The European Commission referred Poland to the European Court of Justice on Wednesday over two rulings from the country’s top constitutional court that held that EU law does not take precedence over the Polish constitution.
The referral follows a formal notice by the European Commission to launch infringement proceedings against the country served on Dec. 21, 2021.
The European Commission’s complaint relates to two rulings of the Polish Constitutional Tribunal on July 14, 2021, and Oct. 7, 2021, where it held that where contradictions exist between the EU treaties and the Polish constitution, the latter will prevail, a move the bloc says is incompatible with the primacy of EU legal principles.
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“The Constitutional Tribunal with these rulings breached the general principles of autonomy, primacy, effectiveness, uniform application of Union law and the binding effect of rulings of the Court of Justice of the European Union,” read a press release issued by the Commission on Wednesday.
The bloc claimed Poland’s top constitutional court “no longer meets the requirements of an independent and impartial tribunal previously established by law,” and referred to what it regards as “irregularities in the appointment procedures of three judges in December 2015 and in the selection of its president in December 2016.”
The Commission raised its concerns with Poland in a reasoned opinion issued in July last year and claims Poland’s response in September did not adequately address the Commission’s concerns.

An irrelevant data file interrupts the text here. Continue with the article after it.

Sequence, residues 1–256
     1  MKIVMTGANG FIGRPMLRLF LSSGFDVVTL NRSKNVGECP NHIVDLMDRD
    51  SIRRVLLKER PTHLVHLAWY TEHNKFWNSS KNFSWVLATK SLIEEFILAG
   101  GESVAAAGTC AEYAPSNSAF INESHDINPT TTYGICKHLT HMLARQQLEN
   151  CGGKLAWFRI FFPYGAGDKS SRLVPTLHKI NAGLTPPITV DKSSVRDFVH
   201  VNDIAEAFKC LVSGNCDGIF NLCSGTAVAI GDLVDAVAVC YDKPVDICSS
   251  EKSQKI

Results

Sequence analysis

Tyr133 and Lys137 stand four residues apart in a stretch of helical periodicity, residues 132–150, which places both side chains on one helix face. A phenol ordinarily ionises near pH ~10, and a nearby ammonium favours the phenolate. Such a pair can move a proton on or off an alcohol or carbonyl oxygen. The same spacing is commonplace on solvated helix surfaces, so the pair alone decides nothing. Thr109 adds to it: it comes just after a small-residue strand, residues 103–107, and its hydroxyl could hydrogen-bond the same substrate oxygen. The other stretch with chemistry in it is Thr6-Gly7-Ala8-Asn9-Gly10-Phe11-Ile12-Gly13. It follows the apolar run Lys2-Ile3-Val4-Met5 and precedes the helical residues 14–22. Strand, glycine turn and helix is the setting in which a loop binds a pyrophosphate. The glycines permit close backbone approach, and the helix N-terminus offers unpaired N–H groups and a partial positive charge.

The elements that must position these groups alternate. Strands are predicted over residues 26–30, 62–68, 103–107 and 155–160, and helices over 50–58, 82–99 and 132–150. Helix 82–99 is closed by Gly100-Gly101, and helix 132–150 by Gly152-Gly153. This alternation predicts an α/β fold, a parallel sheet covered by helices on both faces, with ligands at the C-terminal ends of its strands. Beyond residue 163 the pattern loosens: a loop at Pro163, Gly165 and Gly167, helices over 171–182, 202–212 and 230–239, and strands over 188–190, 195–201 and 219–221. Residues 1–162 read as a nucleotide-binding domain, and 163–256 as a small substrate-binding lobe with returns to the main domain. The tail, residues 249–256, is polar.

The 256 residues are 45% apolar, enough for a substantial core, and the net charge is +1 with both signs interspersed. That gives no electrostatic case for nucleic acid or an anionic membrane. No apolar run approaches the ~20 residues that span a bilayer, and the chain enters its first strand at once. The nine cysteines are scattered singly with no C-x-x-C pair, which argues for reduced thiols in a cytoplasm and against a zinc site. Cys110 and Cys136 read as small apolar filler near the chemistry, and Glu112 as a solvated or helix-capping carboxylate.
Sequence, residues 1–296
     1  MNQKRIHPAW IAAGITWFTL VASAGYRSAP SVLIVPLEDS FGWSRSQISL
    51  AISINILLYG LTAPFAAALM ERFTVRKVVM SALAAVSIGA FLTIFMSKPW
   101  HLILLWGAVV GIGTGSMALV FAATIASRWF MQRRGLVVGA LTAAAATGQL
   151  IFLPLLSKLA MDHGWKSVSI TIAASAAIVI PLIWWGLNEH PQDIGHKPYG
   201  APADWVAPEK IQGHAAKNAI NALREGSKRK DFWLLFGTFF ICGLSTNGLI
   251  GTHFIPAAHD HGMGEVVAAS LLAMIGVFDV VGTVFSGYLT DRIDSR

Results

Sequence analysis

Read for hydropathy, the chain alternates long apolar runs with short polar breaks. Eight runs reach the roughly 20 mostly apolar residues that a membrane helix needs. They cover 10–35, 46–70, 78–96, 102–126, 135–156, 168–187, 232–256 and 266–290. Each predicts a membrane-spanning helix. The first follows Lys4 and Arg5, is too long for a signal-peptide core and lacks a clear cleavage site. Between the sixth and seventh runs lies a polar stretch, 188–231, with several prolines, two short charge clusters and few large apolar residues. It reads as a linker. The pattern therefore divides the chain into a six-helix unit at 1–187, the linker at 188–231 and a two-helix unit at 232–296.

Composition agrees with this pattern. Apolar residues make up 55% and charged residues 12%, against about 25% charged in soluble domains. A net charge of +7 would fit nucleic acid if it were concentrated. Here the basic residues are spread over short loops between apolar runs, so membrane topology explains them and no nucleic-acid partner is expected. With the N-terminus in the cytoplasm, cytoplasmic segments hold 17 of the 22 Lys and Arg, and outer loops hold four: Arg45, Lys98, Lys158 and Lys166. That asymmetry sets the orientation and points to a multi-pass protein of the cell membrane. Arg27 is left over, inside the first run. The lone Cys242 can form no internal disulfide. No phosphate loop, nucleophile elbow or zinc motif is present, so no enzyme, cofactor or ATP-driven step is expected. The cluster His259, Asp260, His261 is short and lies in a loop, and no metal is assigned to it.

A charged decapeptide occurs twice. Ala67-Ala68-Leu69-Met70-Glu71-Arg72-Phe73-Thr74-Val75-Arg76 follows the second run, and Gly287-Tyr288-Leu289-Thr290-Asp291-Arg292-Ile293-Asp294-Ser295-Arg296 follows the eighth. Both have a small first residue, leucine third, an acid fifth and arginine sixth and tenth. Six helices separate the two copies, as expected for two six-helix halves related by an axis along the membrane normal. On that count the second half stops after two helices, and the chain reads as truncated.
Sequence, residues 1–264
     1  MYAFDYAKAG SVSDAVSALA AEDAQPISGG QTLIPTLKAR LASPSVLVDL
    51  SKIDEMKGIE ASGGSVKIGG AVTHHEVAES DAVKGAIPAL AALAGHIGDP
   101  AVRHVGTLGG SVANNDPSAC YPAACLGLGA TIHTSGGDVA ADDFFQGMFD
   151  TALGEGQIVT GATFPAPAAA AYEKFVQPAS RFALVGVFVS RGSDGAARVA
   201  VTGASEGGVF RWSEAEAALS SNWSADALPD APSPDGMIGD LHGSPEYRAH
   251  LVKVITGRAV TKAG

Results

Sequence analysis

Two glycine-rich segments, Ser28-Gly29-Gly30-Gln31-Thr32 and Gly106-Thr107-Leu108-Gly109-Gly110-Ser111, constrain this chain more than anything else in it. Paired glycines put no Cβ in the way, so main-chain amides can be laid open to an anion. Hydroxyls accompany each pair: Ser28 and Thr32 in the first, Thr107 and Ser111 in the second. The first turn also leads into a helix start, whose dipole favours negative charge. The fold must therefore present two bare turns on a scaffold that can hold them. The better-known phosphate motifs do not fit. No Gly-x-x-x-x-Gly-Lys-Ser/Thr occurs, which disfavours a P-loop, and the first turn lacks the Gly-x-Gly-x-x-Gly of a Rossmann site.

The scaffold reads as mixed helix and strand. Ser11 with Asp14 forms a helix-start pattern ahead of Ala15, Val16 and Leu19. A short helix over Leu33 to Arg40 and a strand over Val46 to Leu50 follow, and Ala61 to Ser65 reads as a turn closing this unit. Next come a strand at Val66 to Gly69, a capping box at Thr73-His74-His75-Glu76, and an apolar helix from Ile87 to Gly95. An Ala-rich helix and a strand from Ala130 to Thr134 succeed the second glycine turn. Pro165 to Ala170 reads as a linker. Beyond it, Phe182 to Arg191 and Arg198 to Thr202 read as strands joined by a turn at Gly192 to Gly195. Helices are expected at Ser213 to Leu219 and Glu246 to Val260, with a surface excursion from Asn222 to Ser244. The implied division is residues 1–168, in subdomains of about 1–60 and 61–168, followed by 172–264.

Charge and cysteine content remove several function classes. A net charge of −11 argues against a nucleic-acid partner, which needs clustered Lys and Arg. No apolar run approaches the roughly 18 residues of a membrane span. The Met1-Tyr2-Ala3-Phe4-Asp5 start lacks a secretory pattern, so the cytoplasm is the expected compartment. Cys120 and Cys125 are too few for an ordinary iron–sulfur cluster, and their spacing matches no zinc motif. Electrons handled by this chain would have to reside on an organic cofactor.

Krystyna Pawłowicz, a justice on the Constitutional Tribunal, tweeted Article 190(1) of Poland’s constitution in response to the news on Wednesday, which reads: “Judgments of the Constitutional Tribunal are universally binding and are final.”
She added that the European court “is not the second instance for judgments of the Constitutional Tribunal of a sovereign Polish state.”
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“This unlawful harassment will not affect the jurisprudence of the Polish Constitutional Tribunal. The judgments of the Constitutional Tribunal will remain unshakable and universally binding,” she added.
The European Commission’s Vice-President for Values and Transparency Věra Jourová insisted, “EU law must be equally applied across the Union,” to which Jacek Saryusz-Wolski, a Polish MEP for the governing PiS party, replied: “Cheeky commissioner, continuing unlawful harassment of Poland.”
“Everyone in the EU should enjoy the fundamental principles and the rights of the EU legal order, including the right to a court that is independent under EU law,” tweeted the EU Justice Commissioner Didier Reynders.